Mr. Temporary Speaker, Sir, I have been made to understand that online lending is now chalking about Kshs430 billion in a year. That is substantial sums of money. It is helping the ordinary people because they borrow in small bits and pieces of shillings, but the cumulative total of interest paid is unconscionable; it is actually shylock interest.
Mr. Temporary Speaker, Sir, when the chairperson walked in, we were dealing with the Statement from Laikipia where Communication Authority of Kenya (CAK) seems not to be paying sufficient attention to protection of frequencies that are given out to individuals or groups that pay for community radio stations and other electronic communications. That again is an area that the Committee should ensure there are no overlapping of frequencies; there is no jamming of one frequency by another and that there is no abuse by those who are bigger against the smaller players in the industry. I say this because we know that competition always brings quality and fairness when the regulator makes sure that whether it is Airtel, Safaricom, Orange or any other player, they have to compete fairly so that wananchi get value for money in terms of service delivery. Mr. Temporary Speaker, Sir, I urge that as we go to the General Elections of 2022, the Ministry of Information, Communications and Technology makes sure that the whole country gets a 3G coverage. This is because transmission of results is going to be done electronically and we should not have a situation where somebody in Loiyangalani cannot transmit results with ease because there is no proper frequency and coverage. We want the whole country to be covered fairly so that we all enjoy the fruits of modernity. Mr. Temporary Speaker, Sir, equally important is the fact that when we go to elections, we must run away and move completely from the suspicions we have had in the past as to whether the transmission of results are doctored and interfered with to create incorrect results and so on. Last and more importantly, the Committee must also work with the cybercrime section of the National Police Service in stamping out the churning out of fake news which is almost overriding our society in terms of communication. People just sit in their sitting rooms, coin fake news and spread it as fast as they possibly can, causing fear, uncertainty and despondency among the population. We should make it a crime for anybody to generate fake news and disseminate it to the population because this can easily ignite a fireball in the country. You can imagine somebody churning out fake news that a prominent Kenyan has been gunned down or has been maimed in a mysterious attack. It can have the result and effect of people taking the law into their own hands and acting in revenge on the basis of news that is incorrect. Equally important is the control of airwaves by criminals in Kamiti Prison. Every other day – I am sure this applies to everybody here - you get a message from a criminal in Kamiti Prison, congratulating you for winning a raffle you have never participated in and sending you information on the payment to make for you to receive the said money. This kind of criminal behavior has to be dealt with because many people fall prey to these kinds of things. Equally important is the creation of parody accounts on Facebook all the time and many of us have been victims. Somebody just sets up a parody account on Facebook and says: Senator for Kericho is finalizing the process of lending money to so and so, and you can borrow by registering with Kshs3000. Kenyans will pay that money not knowing that they are paying into a fake account of the Senator for Kericho County and hping the they will be given money to buy a motorbike to operate bodaboda .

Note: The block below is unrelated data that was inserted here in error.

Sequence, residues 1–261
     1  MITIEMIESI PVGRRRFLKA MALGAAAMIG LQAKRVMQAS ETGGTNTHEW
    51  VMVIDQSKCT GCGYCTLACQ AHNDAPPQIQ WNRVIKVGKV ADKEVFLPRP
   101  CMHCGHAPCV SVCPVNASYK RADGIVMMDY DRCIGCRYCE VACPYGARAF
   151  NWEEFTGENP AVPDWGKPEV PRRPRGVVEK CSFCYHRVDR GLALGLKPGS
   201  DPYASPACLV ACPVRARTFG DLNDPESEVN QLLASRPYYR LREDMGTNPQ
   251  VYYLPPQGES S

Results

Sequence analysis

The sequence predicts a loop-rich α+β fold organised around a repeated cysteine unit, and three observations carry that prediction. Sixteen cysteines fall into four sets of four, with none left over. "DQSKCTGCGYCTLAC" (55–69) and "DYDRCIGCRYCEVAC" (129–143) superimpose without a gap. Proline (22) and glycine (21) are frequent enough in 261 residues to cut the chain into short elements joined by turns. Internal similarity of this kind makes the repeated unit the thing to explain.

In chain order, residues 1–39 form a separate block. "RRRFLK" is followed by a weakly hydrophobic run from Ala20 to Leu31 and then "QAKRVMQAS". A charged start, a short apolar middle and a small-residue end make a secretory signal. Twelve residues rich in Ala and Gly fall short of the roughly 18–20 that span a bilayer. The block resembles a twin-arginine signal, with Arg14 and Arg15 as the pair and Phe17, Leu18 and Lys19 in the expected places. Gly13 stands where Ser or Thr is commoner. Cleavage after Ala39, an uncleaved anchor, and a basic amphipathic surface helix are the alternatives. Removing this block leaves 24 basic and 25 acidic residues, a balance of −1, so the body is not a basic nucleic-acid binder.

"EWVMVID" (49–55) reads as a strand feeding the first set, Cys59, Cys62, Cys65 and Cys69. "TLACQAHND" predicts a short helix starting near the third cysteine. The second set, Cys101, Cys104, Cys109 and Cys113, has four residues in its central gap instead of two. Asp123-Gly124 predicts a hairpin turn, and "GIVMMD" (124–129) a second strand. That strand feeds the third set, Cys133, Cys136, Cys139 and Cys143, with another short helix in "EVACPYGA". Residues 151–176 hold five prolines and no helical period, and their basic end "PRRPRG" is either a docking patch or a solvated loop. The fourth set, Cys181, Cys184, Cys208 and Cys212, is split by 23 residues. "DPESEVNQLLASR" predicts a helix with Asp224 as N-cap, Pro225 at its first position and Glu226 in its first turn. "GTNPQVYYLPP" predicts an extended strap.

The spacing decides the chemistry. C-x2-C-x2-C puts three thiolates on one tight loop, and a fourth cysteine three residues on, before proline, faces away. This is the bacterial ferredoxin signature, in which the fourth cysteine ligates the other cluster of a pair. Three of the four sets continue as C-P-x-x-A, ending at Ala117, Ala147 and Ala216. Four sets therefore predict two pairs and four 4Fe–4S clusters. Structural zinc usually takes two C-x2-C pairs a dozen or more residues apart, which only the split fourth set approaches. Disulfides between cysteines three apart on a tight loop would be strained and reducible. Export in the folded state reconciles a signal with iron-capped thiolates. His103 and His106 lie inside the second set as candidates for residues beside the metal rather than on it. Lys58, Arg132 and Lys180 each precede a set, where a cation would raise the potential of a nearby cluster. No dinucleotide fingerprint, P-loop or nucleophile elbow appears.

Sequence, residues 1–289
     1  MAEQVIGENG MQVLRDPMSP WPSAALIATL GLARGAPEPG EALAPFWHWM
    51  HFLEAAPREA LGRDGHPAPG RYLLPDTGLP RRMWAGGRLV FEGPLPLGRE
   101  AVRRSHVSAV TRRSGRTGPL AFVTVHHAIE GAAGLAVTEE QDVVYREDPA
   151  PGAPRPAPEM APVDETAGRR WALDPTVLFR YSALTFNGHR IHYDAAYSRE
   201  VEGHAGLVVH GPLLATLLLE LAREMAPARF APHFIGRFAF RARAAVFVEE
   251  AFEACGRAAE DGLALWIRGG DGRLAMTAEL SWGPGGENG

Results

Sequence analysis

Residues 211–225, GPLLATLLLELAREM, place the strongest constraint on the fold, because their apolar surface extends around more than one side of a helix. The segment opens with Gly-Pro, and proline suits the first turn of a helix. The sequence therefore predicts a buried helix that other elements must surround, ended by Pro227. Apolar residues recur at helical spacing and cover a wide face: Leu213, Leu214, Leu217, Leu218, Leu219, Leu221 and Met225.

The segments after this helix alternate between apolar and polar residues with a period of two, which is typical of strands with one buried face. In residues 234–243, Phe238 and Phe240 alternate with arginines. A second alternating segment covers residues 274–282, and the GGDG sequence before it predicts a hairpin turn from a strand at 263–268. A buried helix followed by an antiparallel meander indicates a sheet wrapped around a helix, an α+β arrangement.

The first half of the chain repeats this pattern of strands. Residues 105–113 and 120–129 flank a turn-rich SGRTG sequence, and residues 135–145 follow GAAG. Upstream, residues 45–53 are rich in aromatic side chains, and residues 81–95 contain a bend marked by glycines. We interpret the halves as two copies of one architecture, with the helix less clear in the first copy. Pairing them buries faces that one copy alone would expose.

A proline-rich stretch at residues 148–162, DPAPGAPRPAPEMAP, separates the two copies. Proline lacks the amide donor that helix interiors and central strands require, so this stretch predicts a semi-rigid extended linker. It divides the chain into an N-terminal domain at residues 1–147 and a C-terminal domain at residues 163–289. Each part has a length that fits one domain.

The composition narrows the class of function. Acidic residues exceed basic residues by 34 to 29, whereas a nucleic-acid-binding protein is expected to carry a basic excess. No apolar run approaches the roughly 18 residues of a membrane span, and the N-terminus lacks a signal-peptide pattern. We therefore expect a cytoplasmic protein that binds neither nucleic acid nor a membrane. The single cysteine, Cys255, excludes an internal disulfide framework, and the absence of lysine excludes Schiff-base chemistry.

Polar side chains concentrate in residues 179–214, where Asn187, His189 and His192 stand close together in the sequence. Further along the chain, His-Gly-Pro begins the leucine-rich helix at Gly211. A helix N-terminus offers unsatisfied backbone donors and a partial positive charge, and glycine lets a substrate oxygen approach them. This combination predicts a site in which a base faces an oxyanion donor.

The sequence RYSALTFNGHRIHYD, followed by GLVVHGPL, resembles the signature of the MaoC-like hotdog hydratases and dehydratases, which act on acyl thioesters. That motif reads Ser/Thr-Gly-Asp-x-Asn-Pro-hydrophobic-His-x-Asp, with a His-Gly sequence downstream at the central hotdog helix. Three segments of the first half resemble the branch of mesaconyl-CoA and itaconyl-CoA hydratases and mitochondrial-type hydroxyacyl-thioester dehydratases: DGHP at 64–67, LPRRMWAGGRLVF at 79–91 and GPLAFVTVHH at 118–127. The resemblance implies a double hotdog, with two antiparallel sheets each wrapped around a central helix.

We need the police to be on high alert. The ICT Committee should look into this so that these cybercriminals are dealt with because they are wreaking havoc on our unsuspecting citizens. Lastly, we must continuously try to improve the frequencies and the clarity of communication. Of late you get the impression that Safaricom is becoming a victim of its own success. Their service provision is creating a lot of unnecessary problems. You find that while you are on a phone call with somebody, another call comes in and truncates that call or you could be talking to somebody on the phone then the phone call suddenly goes off. The Committee on Information, Communication and Technology must ensure that the success of Safaricom must be matched with continuous improvement of technology so that we get high quality services for the money that we pay. Whether it is
a bodaboda rider or whoever, every frequency you use and airtime, you pay for it. We want to pay for good quality services. Thank you, Mr. Temporary Speaker, Sir.